The Nine Types Of Intelligence Every Person Has

When you think about it, intelligence is a fairly broad term. Most of us are completely sharp in some areas but dull in others. Psychologist Howard Gardner asserted that we actually have "multiple intelligences," and this infographic sums them up.

Intelligence tree image from Shutterstock

In his book, Frames of Mind: The Theory of Multiple Intelligences, Gardner explained that, traditionally, intelligence was a "single entity that was inherited" and learned. He suggests a different view:

Nowadays an increasing number of researchers believe precisely the opposite; that there exists a multitude of intelligences, quite independent of each other; that each intelligence has its own strengths and constraints; that the mind is far from unencumbered at birth; and that it is unexpectedly difficult to teach things that go against early 'naive' theories of that challenge the natural lines of force within an intelligence and its matching domains.

Not all psychologists accept Gardner's concept of multiple intelligences, but many professionals find it useful. For example, over at, they explain how teachers and professors have used his framework:

… the theory validates educators' everyday experience: students think and learn in many different ways. It also provides educators with a conceptual framework for organising and reflecting on curriculum assessment and pedagogical practices. In turn, this reflection has led many educators to develop new approaches that might better meet the needs of the range of learners in their classrooms.

The theory is useful for figuring out your own strengths and weaknesses so you can learn and build on them accordingly, too. Over at Funders and Founders, designer and author Marc Vital outlines Gardner's nine types of intelligence. Check it out in the below infographic, then head to Vital's post for more detail.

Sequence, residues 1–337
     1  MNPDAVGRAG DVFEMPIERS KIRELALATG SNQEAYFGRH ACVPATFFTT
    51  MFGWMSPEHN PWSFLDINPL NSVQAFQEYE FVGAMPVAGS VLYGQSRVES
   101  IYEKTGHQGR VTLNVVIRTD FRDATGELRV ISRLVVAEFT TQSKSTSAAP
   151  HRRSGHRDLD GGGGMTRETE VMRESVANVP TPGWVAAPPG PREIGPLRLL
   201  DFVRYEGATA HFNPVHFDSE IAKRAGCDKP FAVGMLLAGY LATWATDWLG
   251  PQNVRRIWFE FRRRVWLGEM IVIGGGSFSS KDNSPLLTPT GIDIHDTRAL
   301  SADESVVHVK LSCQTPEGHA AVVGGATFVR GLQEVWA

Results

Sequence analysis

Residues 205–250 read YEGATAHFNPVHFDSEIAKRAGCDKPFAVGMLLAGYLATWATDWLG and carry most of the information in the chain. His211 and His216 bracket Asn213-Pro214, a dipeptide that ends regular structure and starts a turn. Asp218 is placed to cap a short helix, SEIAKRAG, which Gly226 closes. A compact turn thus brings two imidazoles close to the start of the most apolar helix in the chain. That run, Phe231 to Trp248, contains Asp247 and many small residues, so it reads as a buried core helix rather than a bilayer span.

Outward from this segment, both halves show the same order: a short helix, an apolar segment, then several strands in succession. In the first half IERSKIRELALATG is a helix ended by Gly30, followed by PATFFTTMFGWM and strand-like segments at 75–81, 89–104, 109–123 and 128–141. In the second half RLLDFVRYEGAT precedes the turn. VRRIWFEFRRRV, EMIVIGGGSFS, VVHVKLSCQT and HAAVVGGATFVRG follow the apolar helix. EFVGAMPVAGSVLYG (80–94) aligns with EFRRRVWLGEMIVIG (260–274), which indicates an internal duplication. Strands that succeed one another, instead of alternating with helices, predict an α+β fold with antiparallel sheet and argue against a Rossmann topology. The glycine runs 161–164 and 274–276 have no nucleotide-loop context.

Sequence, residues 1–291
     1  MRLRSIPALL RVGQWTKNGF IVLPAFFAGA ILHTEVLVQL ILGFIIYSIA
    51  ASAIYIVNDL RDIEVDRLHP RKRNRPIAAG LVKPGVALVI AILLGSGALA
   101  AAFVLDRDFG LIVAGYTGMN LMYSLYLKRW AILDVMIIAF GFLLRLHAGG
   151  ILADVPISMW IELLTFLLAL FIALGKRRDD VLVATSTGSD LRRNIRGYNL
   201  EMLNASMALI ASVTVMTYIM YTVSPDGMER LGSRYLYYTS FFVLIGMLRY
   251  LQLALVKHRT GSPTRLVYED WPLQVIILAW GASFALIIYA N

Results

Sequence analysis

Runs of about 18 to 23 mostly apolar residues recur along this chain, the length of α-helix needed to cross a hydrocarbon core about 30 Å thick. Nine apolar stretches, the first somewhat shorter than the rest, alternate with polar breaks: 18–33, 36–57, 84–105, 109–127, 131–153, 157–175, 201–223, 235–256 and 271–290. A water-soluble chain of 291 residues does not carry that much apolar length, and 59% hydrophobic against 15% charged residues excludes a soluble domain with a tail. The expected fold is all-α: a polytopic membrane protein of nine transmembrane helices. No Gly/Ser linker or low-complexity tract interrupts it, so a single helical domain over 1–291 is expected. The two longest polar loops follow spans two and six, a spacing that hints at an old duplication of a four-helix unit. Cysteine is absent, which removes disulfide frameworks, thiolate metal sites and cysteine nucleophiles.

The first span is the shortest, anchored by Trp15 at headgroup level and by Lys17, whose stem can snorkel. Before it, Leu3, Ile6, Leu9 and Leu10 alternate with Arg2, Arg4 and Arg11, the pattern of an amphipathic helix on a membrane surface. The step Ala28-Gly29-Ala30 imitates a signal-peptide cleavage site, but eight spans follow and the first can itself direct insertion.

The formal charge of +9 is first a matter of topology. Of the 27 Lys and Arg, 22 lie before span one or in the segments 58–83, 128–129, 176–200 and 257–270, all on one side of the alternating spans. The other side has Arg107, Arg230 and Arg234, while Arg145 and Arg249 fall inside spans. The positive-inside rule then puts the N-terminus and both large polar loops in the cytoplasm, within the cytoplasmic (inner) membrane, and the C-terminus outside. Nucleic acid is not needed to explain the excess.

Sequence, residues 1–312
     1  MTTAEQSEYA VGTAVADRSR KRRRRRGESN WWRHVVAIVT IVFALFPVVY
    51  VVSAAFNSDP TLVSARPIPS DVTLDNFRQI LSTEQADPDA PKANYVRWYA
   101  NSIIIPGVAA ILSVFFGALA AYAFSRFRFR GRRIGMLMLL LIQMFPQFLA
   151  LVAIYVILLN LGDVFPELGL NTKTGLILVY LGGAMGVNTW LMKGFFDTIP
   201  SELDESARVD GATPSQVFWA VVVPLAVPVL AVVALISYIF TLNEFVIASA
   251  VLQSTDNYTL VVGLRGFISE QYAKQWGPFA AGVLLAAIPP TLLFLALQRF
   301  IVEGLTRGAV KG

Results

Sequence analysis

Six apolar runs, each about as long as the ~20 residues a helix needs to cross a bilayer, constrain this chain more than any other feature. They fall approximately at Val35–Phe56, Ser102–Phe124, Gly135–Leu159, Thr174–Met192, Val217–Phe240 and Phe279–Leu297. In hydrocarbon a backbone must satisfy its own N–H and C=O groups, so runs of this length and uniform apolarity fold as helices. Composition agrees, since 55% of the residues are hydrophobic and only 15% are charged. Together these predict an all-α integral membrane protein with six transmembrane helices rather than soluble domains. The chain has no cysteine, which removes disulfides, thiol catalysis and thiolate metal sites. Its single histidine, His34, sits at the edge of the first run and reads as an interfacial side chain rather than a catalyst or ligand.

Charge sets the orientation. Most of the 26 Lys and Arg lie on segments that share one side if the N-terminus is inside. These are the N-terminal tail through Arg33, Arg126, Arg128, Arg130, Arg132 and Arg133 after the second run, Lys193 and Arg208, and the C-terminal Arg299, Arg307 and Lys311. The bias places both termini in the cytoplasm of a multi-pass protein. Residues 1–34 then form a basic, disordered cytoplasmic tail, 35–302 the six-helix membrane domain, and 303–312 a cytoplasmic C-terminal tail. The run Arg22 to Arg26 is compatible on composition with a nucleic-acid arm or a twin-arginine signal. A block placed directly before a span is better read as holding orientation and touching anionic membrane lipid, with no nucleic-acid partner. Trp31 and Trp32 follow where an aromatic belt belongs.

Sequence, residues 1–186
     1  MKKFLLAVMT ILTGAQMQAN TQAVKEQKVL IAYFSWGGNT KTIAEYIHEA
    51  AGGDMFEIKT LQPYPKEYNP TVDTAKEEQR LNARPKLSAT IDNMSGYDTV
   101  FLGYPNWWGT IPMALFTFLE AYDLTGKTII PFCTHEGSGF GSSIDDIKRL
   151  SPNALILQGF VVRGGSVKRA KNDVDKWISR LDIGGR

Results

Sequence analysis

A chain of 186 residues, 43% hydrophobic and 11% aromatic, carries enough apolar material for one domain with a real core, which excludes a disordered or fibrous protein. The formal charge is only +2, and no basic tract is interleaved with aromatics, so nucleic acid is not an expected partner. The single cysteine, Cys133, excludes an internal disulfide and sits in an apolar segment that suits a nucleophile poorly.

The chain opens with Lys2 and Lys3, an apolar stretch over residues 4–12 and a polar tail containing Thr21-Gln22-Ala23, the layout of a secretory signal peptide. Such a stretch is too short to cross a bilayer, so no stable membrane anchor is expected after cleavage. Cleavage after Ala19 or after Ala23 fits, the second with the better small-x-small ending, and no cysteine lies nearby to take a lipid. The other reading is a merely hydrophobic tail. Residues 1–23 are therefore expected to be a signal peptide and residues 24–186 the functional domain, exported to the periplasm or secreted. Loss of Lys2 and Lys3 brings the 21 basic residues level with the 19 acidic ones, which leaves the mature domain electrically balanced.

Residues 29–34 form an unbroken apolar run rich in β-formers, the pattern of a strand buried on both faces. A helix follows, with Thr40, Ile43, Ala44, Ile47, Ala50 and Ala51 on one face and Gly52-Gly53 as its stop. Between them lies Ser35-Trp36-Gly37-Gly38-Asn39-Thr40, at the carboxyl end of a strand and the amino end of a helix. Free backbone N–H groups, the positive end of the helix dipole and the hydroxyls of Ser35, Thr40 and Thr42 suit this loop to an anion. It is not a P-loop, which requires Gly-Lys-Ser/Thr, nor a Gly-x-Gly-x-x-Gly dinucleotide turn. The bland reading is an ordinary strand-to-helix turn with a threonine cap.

9 Types Of Intelligence [Funders and Founders]

The Nine Types of Intelligence Every Person Has

9 Types Of Intelligence [Funders and Founders]


    Whereas there are at least 12 types of stupidity, eight of which you'd need in good measure to believe in this "Theory of Multiple Intelligences" crap. Here's the first two (feel free to add more):

    1. Numeric Stupidity: The tendency to believe meaningless, over-simplified theories if the information is presented in a numbered list.

    2. Contextual Stupidity: Believing that a "type of intelligence" is a fixed value and does not change with context.

    Last edited 27/04/16 4:01 pm

      1. It's not a numbered list and
      2. It does put intelligence into different contexts.
      So I'm guessing you're one of the 12.

    1. It is in the book
    2. The author presents each 'intelligence type' as a trait that is independent of context.

    "one of the 12" - witty, cutting and insightful. Got me there for sure.

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